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Saving Your Spider Plant: How to Fix Yellow Leaves and Keep Your Greenery Gorgeous

November 24, 2023
5 minutes read
A healthy

Ah, the humble spider plant. It's a staple in homes around the world, beloved for its hardy nature and ability to thrive in a variety of conditions. But what happens when your once vibrant greenery starts to turn a sickly yellow? Fear not, plant parents! We're here to help you diagnose and treat your spider plant's woes, and get it back to its glossy green glory.

Understanding the Spider Plant

Before we dive into the nitty-gritty of plant care, let's take a moment to appreciate the spider plant in all its glory. Native to tropical and southern Africa, the spider plant (Chlorophytum comosum) is a popular houseplant thanks to its adaptability and attractive, arching foliage.

Spider plants are known for their long, slender leaves that come in a variety of patterns, from solid green to variegated white and green. They're also prolific propagators, producing baby plants, or 'spiderettes', that dangle from the mother plant like tiny green spiders.

Despite their robust nature, spider plants can occasionally run into problems, the most common of which is yellowing leaves. But don't panic! This is usually a sign of a simple care mistake that can be easily corrected.

Diagnosing Yellow Leaves

So, you've noticed your spider plant's leaves are turning yellow. The first step to saving your plant is diagnosing the cause. There are several reasons why spider plant leaves can turn yellow, including overwatering, underwatering, too much light, and nutrient deficiencies.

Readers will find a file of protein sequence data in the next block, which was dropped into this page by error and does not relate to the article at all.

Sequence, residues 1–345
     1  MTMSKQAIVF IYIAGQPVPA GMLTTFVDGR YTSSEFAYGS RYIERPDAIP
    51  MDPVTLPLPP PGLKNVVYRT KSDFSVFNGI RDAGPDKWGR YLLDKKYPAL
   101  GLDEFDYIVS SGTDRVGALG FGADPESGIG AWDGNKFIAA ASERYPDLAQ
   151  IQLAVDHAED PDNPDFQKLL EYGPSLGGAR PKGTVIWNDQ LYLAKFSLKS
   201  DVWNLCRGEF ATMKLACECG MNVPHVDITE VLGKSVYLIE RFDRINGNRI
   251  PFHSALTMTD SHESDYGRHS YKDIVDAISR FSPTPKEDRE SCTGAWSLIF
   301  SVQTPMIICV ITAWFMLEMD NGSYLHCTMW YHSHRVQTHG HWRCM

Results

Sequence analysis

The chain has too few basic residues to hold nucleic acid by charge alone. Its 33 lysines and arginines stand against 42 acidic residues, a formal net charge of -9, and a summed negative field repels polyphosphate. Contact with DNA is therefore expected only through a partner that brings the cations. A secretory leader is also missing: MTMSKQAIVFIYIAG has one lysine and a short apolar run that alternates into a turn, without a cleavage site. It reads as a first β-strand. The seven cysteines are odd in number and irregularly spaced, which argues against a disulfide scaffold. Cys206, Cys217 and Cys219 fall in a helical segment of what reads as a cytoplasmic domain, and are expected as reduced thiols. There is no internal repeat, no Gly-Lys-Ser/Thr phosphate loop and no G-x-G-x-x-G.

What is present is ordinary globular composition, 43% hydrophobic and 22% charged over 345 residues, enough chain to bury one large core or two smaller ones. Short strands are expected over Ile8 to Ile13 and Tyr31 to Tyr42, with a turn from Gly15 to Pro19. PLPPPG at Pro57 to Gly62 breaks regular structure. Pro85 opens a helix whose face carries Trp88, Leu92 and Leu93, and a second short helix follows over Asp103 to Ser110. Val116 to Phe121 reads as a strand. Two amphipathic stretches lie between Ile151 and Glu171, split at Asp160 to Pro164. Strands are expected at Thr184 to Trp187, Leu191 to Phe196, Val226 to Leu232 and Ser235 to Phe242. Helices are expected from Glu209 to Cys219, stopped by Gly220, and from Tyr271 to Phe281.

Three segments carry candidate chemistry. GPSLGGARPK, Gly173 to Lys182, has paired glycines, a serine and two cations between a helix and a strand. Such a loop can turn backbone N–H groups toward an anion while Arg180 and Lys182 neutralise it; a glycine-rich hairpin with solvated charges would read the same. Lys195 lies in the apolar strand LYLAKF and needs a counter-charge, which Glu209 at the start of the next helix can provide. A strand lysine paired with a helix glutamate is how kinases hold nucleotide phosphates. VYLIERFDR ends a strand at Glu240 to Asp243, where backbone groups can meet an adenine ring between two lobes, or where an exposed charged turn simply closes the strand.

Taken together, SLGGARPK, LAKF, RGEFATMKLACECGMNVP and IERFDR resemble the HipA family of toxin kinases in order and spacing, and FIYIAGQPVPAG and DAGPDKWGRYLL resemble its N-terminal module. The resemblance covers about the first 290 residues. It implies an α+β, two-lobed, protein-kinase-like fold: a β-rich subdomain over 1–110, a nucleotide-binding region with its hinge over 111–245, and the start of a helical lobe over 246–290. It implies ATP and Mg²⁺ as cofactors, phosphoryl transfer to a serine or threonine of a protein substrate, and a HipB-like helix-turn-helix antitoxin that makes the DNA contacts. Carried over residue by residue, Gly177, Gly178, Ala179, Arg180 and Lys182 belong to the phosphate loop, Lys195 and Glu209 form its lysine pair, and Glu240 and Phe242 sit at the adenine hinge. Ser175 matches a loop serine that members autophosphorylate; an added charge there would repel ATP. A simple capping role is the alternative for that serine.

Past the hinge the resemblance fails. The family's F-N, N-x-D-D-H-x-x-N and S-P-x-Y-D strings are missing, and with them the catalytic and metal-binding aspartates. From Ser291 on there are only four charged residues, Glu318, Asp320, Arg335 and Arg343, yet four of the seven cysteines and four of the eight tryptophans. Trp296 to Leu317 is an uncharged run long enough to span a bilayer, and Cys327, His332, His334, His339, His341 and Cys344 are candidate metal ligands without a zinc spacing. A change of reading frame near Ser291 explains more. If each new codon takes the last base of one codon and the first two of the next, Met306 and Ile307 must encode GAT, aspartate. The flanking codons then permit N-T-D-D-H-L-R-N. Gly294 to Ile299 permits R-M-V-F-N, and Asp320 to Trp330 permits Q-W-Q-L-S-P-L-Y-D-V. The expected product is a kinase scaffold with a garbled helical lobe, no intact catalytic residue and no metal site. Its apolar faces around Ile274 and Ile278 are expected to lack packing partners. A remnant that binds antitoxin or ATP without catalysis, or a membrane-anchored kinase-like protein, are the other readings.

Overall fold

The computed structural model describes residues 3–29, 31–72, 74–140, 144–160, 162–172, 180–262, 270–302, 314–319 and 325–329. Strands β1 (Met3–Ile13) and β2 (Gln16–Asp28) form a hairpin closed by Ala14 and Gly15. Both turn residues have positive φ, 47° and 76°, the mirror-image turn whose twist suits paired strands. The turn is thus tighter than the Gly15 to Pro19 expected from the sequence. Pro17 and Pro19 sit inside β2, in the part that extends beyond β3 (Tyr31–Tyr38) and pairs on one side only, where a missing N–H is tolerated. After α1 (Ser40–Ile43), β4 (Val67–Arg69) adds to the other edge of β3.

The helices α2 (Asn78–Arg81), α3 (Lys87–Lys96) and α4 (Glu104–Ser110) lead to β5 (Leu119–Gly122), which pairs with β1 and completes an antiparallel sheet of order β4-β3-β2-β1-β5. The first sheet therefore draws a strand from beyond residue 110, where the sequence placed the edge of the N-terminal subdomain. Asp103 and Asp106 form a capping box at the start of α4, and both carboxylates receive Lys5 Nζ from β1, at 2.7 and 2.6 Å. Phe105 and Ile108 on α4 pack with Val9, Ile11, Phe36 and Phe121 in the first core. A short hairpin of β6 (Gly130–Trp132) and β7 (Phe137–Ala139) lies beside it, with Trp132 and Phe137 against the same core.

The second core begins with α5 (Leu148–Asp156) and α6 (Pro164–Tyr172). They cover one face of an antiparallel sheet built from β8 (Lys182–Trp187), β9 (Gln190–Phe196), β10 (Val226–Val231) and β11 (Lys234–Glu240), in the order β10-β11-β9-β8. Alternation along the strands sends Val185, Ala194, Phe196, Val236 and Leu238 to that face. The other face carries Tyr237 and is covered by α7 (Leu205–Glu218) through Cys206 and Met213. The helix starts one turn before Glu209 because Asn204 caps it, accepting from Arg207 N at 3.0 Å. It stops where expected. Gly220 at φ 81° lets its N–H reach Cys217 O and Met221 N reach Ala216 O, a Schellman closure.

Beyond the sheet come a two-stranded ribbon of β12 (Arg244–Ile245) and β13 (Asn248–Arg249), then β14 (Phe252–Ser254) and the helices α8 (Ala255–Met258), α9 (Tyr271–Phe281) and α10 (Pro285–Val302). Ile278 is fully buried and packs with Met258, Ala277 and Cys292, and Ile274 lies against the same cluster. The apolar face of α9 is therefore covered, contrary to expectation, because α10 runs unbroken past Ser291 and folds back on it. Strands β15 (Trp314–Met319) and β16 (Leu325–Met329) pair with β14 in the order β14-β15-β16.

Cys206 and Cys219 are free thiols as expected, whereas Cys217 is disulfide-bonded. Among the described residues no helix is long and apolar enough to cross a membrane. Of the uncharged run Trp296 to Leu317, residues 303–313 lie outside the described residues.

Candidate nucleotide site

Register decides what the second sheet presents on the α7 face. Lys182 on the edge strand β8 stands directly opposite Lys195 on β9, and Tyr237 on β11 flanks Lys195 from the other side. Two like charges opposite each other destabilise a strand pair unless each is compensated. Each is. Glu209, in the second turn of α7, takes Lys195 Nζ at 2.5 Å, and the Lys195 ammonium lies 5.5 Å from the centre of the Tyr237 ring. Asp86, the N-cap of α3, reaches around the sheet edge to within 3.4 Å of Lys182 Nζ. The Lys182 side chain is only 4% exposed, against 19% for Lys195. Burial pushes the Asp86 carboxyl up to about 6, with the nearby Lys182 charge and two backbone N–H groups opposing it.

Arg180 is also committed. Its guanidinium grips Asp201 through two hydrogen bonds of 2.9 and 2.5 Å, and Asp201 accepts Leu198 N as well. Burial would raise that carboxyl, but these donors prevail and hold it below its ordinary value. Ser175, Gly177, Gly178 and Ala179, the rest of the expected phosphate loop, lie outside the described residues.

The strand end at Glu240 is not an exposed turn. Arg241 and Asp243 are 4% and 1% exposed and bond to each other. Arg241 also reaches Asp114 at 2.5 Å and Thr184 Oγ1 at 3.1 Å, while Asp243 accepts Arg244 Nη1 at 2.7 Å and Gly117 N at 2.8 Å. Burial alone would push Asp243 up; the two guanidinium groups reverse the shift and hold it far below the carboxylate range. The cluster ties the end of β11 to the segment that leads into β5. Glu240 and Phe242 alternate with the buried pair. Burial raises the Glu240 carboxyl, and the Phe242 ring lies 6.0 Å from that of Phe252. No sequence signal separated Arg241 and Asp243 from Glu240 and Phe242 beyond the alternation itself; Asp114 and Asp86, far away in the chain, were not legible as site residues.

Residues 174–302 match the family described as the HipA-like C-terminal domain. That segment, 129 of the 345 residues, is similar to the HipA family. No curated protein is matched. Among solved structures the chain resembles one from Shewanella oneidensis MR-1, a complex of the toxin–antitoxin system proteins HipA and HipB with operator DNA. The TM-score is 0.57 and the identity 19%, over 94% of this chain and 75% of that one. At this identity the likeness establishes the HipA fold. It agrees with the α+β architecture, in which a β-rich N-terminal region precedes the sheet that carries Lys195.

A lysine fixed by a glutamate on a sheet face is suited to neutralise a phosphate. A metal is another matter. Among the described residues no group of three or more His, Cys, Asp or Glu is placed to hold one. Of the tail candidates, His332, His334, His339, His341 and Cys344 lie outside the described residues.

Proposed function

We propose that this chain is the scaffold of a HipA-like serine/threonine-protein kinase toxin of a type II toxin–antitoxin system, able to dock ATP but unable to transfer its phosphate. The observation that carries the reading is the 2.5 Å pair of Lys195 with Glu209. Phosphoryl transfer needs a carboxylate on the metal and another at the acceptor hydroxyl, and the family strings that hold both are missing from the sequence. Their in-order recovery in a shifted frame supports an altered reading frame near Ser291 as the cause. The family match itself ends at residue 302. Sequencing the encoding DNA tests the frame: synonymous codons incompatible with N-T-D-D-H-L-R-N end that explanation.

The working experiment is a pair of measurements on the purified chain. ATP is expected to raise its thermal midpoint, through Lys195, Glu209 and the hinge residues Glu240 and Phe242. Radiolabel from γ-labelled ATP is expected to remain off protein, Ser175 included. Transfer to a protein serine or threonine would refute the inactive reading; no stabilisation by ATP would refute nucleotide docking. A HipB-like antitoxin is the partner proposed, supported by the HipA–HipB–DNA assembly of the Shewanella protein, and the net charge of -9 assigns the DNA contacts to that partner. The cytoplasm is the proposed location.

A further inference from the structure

Let's break down each of these causes, so you can figure out what's going wrong with your plant.


Overwatering is the most common cause of yellow leaves in spider plants. These plants are succulent-like in nature, meaning they store water in their leaves and can tolerate periods of drought. If the soil is constantly wet, the roots can become waterlogged and oxygen-starved, leading to root rot and yellow leaves.

How can you tell if you're overwatering? Check the soil. If it's soggy or water pools on the surface after watering, you're probably giving your plant too much H2O. The leaves may also appear swollen or feel mushy to the touch.


On the flip side, underwatering can also cause yellow leaves. If your spider plant's leaves are yellow, dry, and crispy, it's likely begging for a drink. Spider plants prefer evenly moist soil, so if the soil is bone dry, it's time to water.

Remember, though, that 'evenly moist' doesn't mean 'soggy'. It's a delicate balance, but once you get the hang of it, your spider plant will thank you.

Too Much Light

Spider plants love bright, indirect light, but too much direct sunlight can scorch their leaves, causing them to turn yellow or brown. If your plant is near a south-facing window or another source of intense light, consider moving it to a less intense location.

Not sure if light is the problem? Look for signs of sunburn, like yellow or brown patches on the leaves, especially on the side facing the light source.

Nutrient Deficiencies

Finally, yellow leaves can be a sign of nutrient deficiencies, particularly a lack of nitrogen. Spider plants aren't heavy feeders, but they do need a balanced diet of nutrients to stay healthy.

If your plant's leaves are yellowing from the tips inward, or if the yellowing is accompanied by slow growth, a nutrient deficiency might be to blame. Consider using a balanced, water-soluble fertilizer to give your plant the nutrients it needs.

Fixing Yellow Leaves

Now that you've diagnosed the problem, it's time to fix it. Here's how to address each of the causes we've discussed.


If you're overwatering, the solution is simple: water less. Allow the top inch of soil to dry out before watering again. If the plant is severely waterlogged, you may need to repot it into fresh, dry soil.